Oh, wait.  That’s the Royal wedding.

Prudery & Promiscuity: In Which Juvenal & Comedians Take on the World

The Folio Society edition, translated by Peter Green & introduced by Simon Callow

“It is difficult not to write satire,” Juvenal wrote.

Yes, but where is it?  Who’s writing it?

Satire is rapidly vanishing in the U.S.  There’s not exactly censorship, but there has been a weird suppression of stand-up comics and comic actors:  flocks of them have been accused of sexual harassment or sexual misconduct and  banned from their careers.  And where are all the modern satiric poets and novelists? Are they banned, too? Are the publishers rejecting satirists? The pressure to quell voices has come from both the Left and the Right: if a book triggers a sob or a bad memory, if a comedian offends (and which doesn’t?), if a point of view is unpolitically correct, you must shut up the babblers. 

The poet Juvenal, who was exiled during Domitian’s reign of terror, began to publish his outrageous satires in 110 A.D.  In the introduction to the Folio Society edition, the actor Simon Callow writes about Juvenal’s outrageous stand-up comedy.  He writes,

I have a rather unusual qualification for introducing this edition of the Satires of Juvenal: I’ve been him.  This surprising manifestation occurred on the London stage, in 1976, in a one-man show called Juvenalia, and it proved to be the surprise sensation of the Fringe season that year, lauded with rare unanimity by all the major national newspapers.  The triumph was essentially Juvenal’s.  His scabrous commentary on his own times was perceived as startlingly pertinent and laugh-out-loud funny, filthy and deeply, gloriously unpolitically correct, even for 1976, when the concept had yet to be articulated.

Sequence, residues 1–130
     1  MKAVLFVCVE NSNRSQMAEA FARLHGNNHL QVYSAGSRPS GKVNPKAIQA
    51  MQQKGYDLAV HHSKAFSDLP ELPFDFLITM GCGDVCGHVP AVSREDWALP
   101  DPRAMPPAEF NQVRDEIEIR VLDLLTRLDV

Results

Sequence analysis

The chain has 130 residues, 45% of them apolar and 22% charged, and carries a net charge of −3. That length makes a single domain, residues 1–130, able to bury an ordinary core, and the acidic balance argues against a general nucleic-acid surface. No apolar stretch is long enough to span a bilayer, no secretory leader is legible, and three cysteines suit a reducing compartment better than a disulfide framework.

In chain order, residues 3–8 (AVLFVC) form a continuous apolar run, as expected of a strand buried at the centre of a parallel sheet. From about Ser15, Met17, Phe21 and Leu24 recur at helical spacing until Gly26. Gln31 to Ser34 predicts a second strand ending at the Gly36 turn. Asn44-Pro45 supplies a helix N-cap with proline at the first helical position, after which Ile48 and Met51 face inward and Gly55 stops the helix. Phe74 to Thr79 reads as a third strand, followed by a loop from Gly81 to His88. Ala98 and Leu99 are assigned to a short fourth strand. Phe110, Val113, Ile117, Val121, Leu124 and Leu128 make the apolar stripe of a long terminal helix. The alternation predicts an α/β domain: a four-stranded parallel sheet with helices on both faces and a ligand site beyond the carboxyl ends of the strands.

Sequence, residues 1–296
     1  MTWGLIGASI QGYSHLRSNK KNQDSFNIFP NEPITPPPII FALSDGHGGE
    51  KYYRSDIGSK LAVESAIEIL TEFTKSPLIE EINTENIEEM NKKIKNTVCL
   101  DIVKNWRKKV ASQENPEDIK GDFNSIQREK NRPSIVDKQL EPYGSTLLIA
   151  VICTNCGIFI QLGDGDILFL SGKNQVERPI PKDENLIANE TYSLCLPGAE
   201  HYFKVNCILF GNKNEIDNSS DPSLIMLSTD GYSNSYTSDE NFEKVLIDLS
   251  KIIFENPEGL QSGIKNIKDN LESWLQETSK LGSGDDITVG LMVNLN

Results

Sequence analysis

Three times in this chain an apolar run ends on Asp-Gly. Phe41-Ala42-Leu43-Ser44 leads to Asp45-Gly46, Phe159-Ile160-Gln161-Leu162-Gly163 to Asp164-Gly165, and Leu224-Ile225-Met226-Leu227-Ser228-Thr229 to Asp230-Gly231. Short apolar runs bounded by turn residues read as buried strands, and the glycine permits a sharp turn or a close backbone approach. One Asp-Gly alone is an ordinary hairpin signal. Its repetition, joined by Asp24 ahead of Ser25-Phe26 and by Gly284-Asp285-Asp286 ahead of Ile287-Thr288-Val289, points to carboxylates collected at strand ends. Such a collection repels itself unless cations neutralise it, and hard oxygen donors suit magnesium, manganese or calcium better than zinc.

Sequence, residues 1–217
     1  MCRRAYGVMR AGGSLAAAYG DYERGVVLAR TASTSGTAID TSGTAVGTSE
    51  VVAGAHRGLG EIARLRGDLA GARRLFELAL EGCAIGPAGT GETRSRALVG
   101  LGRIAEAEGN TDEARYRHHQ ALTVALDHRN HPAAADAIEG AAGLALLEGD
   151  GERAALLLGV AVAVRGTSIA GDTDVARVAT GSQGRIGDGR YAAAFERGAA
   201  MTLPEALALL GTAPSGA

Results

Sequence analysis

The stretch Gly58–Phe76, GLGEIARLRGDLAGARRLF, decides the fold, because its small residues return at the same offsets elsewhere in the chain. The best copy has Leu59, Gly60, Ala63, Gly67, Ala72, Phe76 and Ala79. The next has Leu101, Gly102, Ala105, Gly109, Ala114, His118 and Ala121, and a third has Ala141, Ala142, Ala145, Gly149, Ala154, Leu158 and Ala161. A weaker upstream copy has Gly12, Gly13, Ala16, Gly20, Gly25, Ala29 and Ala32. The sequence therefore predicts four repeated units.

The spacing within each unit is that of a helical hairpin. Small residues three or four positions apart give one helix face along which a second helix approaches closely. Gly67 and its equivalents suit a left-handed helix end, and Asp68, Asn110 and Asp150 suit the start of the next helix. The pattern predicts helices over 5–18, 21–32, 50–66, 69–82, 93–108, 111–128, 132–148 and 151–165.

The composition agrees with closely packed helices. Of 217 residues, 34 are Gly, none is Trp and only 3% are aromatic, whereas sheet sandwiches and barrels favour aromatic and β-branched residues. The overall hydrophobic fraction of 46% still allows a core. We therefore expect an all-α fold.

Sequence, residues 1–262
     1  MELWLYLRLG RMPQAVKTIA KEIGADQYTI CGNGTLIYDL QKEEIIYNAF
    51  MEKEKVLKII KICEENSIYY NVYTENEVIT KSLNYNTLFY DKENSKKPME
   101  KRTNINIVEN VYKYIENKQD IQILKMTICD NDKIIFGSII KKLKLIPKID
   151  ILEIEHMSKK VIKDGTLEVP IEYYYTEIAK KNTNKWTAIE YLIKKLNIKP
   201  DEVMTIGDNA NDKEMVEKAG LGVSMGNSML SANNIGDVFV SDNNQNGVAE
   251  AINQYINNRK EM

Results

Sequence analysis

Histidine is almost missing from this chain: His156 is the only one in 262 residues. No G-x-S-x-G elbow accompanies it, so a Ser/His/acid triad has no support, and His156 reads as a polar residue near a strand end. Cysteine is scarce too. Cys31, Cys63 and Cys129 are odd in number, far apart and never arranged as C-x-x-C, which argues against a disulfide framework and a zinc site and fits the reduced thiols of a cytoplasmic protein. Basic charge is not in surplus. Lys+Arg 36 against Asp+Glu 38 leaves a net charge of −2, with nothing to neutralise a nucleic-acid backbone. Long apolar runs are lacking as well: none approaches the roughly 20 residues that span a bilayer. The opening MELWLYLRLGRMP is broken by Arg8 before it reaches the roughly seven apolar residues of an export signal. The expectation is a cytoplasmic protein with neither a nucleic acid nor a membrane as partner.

Juvenal is hysterically funny in his unpolitically correct lampoons of Roman life.   He satirizes the decadence and depravity of Rome, pretentious poets, the allure of breads and circuses, the nouveau riche, the ubiquity of Greek immigrants, houses collapsing because of bad construction work, transvestites, eunuchs getting married, women who poison their husbands, homosexuality, legacy hunters, lawyers… Is there anyone or anything he didn’t satirize?

There must be an American Juvenal:  I don’t know him or her.  No, so instead I will make observations about two comedians.

Amy Schumer in “I Feel Pretty”

Critics are fond of the comedian and comic actor Amy Schumer, or so I’ve heard. But why are throngs of male critics bashing her silly summer movie, I Feel Pretty?  Having seen the trailer, I know it’s the kind of trifling entertainment you watch in an air-conditioned cineplex when it’s 90 degrees–not the kind of film to be reviewed in The New Yorker.

But this goofy satire of male-defined beauty has infuriated male critics.   Richard Brody at The New Yorker censures Schumer and writer-directors Abby Kohn and Marc Silverstein for wasting their talent.  He hates the plot, which centers on an overweight woman who, after falling down at spinning class and bumping her head,  hallucinates that she’s actually beautiful.  Naturally, she becomes more confident.  He writes,